Magnesium is one of the most important minerals in your body. It is stored primarily in the bones of your body. A very small amount of magnesium circulates in your bloodstream. Magnesium participates in over 300 body reactions in your body. These reactions affect many of the body’s most important processes, including:
- protein synthesis
- cellular energy production and storage
- stabilization of cells
- DNA synthesis
- nerve signal transmission
- bone metabolism
- cardiac function
- the conduction of signals between muscles and nerves
- glucose and insulin metabolism
- blood pressure
Low Magnesium Side Effects
- decreased appetite
- muscle cramps
- muscle spasticity
- personality changes
- abnormal heart rhythms
Causes of Low Magnesium
Low magnesium is usually due to a decrease in the absorption of magnesium in the intestine or an increase in the release of magnesium in the urine. Low magnesium levels in healthy people are rare. This is because magnesium levels are highly regulated by the kidneys. The kidneys increase or decrease the release (magnesium) of magnesium based on what the body needs.
Continuous intake of magnesium, excessive loss of magnesium, or the presence of other chronic conditions can lead to hypomagnesemia.
Hypomagnesemia is more common in people in the hospital. This may be due to their illness, surgery, or medication. Very low magnesium levels are linked to poor outcomes for critically ill patients, in hospitals.
Factors that increase the risk of magnesium deficiency include gastrointestinal (GI) diseases, aging, type 2 diabetes, use of loop diuretics (such as Lasix), chemotherapy, and alcohol dependence.
Celiac disease, Crohn’s disease, and chronic diarrhea can interfere with the absorption of magnesium or lead to loss of magnesium.
Type 2 Diabetes
High concentrations of blood glucose can cause the kidneys to produce more urine. This also causes an increase in magnesium loss.
Magnesium absorption in the stomach usually decreases with age. Urinary magnesium excretion usually increases with age. Older adults eat fewer magnesium foods. They are more likely to take medications that can affect magnesium (such as diuretics). These substances can lead to hypomagnesemia in adults.
Diagnosis of low magnesium
Your doctor will diagnose hypomagnesemia based on physical examination, symptoms, medical history, and blood tests. Blood magnesium levels do not tell you the amount of magnesium your body stores in your bones and tissues. But it still helps to indicate that you have hypomagnesemia. Your doctor will also check your calcium and potassium levels.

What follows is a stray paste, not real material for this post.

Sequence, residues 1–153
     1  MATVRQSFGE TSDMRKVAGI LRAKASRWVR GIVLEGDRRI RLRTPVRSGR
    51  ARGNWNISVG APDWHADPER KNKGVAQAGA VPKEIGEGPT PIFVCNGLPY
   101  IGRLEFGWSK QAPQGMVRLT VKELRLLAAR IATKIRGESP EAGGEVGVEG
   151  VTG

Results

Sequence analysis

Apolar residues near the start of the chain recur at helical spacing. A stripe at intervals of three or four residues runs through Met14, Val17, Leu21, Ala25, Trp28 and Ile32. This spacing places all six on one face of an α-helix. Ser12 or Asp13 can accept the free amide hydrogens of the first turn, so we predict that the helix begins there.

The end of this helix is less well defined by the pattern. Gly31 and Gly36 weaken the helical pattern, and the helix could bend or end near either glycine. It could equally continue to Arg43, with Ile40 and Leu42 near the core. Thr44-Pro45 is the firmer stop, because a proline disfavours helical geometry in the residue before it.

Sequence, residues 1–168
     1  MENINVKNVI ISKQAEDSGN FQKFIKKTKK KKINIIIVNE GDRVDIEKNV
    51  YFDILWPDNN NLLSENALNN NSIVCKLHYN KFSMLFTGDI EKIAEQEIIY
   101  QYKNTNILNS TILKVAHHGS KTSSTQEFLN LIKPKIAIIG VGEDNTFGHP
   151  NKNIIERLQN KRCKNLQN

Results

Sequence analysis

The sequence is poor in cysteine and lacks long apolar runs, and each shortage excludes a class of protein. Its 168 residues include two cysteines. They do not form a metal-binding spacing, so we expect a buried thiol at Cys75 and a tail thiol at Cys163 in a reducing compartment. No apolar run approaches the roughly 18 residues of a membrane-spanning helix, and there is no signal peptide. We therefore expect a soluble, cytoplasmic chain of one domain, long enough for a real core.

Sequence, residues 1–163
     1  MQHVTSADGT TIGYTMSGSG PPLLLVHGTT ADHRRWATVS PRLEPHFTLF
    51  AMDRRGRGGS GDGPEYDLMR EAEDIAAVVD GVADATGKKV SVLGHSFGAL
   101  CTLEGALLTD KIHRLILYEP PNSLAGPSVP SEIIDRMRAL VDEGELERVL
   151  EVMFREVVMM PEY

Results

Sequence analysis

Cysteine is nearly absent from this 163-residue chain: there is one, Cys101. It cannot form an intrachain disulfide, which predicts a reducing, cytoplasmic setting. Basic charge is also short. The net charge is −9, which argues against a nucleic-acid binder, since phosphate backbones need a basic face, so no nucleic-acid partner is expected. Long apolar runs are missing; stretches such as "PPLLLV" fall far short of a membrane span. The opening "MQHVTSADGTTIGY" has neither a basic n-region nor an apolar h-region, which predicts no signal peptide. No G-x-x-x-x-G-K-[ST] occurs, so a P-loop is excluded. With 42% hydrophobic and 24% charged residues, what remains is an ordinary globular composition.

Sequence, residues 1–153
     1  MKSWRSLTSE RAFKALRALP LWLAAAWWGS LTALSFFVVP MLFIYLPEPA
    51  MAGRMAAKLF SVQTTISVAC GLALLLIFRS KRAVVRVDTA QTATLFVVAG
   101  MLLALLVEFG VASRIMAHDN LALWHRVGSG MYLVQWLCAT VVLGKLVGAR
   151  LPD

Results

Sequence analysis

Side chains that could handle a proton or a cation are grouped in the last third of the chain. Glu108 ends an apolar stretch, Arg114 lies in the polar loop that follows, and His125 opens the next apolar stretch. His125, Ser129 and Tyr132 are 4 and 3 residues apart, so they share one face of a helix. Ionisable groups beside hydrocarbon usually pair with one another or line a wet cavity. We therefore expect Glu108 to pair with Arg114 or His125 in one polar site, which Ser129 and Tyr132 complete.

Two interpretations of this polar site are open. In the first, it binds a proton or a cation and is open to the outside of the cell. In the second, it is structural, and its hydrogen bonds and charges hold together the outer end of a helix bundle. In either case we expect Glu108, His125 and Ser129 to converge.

The average serum (blood) level of magnesium is 1.8 to 2.2 milligrams per deciliter (mg/dL). Serum magnesium below 1.8 mg/dL is considered low. A magnesium level below 1.25 mg/dL is considered to be the most severe hypomagnesemia.
Low Magnesium Treatment
Hypomagnesemia is usually treated with oral magnesium supplements and increased dietary magnesium supplementation.
It is estimated that 2 percent of the population is hypomagnesemia. This percentage is very high for people in the hospital. Studies estimate that nearly half of all Americans – and 70 to 80 percent of those over the age of 70 – do not meet their daily magnesium needs. Getting your magnesium in your diet is best unless your doctor tells you otherwise.
Examples of foods rich in magnesium include:
- whole-grain cereal
- black beans
- whole wheat bread
- baked potato with the skin
What happens if your magnesium is low?
Extreme cases can cause muscle spasms and tremors (shakes that you can't control). Over time, low magnesium can weaken your bones, give you bad headaches, make you feel nervous, and even hurt your heart. It can also lead to low levels of other important minerals like calcium and potassium.
How do you fix magnesium deficiency?
1. reducing or avoiding calcium-rich foods two hours before or after eating magnesium-rich foods. 2. avoiding high-dose zinc supplements. 3. treating vitamin D deficiency. 4. eating raw vegetables instead of cooking them. 5. quitting smoking.
Can low magnesium cause hairloss?
While iron and zinc help with hair's shine and luster, magnesium plays an important role in promoting follicle hair growth, which results in healthy hair growth. Most experts agree that magnesium is nature's anti-stress mineral, which is a major component in hair loss.